"Everyone was pinning their hopes on house prices continuing to rise," says Kai Gilkes of the credit research firm CreditSights, who spent 10 years working at ratings agencies. "When they stopped rising, pretty much everyone was caught on the wrong side, because the sensitivity to house prices was huge. And there was just no getting around it. Why didn't rating agencies build in some cushion for this sensitivity to a house-price-depreciation scenario? Because if they had, they would have never rated a single mortgage-backed CDO."

    Bankers should have noted that very small changes in their underlying assumptions could result in very large changes in the correlation number. They also should have noticed that the results they were seeing were much less volatile than they should have been—which implied that the risk was being moved elsewhere. Where had the risk gone?

    They didn't know, or didn't ask. One reason was that the outputs came from "black box" computer models and were hard to subject to a commonsense smell test. Another was that the quants, who should have been more aware of the copula's weaknesses, weren't the ones making the big asset-allocation decisions. Their managers, who made the actual calls, lacked the math skills to understand what the models were doing or how they worked. They could, however, understand something as simple as a single correlation number. That was the problem.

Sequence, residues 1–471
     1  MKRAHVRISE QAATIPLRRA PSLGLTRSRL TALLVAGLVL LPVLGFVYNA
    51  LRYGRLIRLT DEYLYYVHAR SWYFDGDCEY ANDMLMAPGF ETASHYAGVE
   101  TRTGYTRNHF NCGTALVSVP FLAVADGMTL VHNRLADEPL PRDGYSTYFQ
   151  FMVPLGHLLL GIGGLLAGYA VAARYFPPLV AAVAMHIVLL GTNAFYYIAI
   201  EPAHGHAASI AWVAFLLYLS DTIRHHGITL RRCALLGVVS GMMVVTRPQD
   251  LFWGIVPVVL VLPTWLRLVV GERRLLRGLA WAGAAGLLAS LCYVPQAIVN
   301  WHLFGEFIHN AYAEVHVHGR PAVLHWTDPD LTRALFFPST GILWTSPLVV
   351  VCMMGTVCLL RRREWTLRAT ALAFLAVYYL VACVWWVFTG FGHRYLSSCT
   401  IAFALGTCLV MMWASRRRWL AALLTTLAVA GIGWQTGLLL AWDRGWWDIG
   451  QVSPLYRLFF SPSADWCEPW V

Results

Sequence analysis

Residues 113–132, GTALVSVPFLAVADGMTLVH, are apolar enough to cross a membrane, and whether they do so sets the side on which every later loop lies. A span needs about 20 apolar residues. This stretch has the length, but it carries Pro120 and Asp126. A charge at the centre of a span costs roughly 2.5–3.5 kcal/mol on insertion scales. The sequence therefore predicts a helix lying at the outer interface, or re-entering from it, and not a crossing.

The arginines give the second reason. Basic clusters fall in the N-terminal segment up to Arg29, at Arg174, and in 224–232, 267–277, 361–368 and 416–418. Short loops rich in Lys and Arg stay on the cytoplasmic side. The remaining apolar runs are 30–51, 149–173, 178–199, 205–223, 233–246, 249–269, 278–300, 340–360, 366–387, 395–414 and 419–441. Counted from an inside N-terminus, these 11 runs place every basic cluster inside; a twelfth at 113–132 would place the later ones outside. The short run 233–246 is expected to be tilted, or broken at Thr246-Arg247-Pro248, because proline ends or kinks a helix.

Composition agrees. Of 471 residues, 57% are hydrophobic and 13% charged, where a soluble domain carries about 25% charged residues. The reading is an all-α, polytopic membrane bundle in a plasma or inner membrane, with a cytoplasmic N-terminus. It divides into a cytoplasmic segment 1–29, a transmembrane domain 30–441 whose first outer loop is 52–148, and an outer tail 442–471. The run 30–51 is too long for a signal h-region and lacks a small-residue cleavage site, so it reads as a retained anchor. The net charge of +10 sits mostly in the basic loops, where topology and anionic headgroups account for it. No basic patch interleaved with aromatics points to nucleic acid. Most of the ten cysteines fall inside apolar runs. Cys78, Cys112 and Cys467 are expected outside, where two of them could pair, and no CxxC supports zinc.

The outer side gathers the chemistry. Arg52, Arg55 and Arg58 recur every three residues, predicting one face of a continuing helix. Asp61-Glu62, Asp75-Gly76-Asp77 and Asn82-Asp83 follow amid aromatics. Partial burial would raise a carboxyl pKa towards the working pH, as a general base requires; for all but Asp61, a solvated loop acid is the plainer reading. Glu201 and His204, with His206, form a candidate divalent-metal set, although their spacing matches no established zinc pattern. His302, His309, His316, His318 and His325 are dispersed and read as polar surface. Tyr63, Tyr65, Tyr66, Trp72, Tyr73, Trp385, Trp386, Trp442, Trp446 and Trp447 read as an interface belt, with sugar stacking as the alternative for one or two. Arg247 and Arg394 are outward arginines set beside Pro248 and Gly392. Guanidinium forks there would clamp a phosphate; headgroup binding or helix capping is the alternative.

"The relationship between two assets can never be captured by a single scalar quantity," Wilmott says. For instance, consider the share prices of two sneaker manufacturers: When the market for sneakers is growing, both companies do well and the correlation between them is high. But when one company gets a lot of celebrity endorsements and starts stealing market share from the other, the stock prices diverge and the correlation between them turns negative. And when the nation morphs into a land of flip-flop-wearing couch potatoes, both companies decline and the correlation becomes positive again. It's impossible to sum up such a history in one correlation number, but CDOs were invariably sold on the premise that correlation was more of a constant than a variable.

    No one knew all of this better than David X. Li: "Very few people understand the essence of the model," he told The Wall Street Journal way back in fall 2005.

    "Li can't be blamed," says Gilkes of CreditSights. After all, he just invented the model. Instead, we should blame the bankers who misinterpreted it. And even then, the real danger was created not because any given trader adopted it but because every trader did. In financial markets, everybody doing the same thing is the classic recipe for a bubble and inevitable bust.